Apple faces a fresh legal challenge after law firm King & Ferlauto filed a class action lawsuit against the company in the Superior Court, alleging Apple's violation of a Californian consumer protection act.

The law firm maintains Apple violated the act by not supporting certain G3-equipped models of Mac with the same features in Mac OS X afforded to more recently developed G4-based systems, MacCentral reports.

The allegations centre on an Apple press release distributed in May 1998. This promised: "Mac OS X will feature pre-emptive multitasking, memory protection and advanced virtual memory, and will be fully optimized for Apple's PowerPC G3-based computers."

Missing features King & Ferlauto counter that, in recent months, early generation G3-processor Macintosh users migrating to OS X have discovered that they've lost some features of their Macs. Such lost features include: DVD playback; support for older ATI graphics accelerators using OpenGL; and hardware-accelerated QuickTime movie playback.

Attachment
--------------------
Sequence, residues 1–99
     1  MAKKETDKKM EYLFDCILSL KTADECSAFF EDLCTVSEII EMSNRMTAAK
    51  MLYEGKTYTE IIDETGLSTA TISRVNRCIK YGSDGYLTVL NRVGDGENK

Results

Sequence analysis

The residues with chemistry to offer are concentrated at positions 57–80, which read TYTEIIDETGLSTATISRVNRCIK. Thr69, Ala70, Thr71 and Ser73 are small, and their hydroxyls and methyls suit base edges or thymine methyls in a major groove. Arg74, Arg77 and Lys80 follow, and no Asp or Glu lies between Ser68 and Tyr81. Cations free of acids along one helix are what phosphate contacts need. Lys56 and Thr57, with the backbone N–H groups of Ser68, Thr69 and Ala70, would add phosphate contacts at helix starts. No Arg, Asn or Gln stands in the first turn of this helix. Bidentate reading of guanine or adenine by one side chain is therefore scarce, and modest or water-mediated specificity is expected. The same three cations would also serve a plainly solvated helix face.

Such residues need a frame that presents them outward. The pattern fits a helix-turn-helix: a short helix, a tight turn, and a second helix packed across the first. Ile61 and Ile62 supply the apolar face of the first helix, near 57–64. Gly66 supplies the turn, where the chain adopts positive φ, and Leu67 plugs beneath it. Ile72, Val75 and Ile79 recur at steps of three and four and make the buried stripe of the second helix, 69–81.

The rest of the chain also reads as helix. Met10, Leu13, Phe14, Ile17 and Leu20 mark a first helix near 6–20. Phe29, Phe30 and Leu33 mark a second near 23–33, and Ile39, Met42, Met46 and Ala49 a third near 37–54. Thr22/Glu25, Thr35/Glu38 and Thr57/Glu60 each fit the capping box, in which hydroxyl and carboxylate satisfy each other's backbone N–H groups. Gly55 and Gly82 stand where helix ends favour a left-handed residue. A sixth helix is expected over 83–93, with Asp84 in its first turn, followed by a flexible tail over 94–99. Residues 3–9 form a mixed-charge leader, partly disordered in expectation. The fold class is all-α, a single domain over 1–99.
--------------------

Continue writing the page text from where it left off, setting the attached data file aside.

MacCentral reports attorney Thomas Ferlauto, who accuses Apple of a "willful failure to write software drivers in OS X to take advantage of certain ATI-based hardware accelerators". It's also alleged that this failure was designed to "accelerate a deliberate policy of planned obsolescence".

The suit seeks damages and costs. As it's filed under Californian law, it only affects Californian consumers.